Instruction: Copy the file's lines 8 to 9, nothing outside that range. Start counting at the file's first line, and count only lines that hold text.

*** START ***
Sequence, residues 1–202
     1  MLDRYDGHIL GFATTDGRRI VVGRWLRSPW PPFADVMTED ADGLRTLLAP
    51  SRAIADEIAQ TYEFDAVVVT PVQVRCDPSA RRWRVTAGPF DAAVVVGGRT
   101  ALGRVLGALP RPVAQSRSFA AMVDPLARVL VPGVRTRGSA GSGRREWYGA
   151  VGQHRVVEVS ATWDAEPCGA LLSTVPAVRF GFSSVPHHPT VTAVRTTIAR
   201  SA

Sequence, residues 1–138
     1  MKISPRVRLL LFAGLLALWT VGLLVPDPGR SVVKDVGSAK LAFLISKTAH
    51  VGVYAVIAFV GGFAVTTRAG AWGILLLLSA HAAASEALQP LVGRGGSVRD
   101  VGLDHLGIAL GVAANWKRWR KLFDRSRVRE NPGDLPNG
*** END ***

     1  MKISPRVRLL LFAGLLALWT VGLLVPDPGR SVVKDVGSAK LAFLISKTAH
    51  VGVYAVIAFV GGFAVTTRAG AWGILLLLSA HAAASEALQP LVGRGGSVRD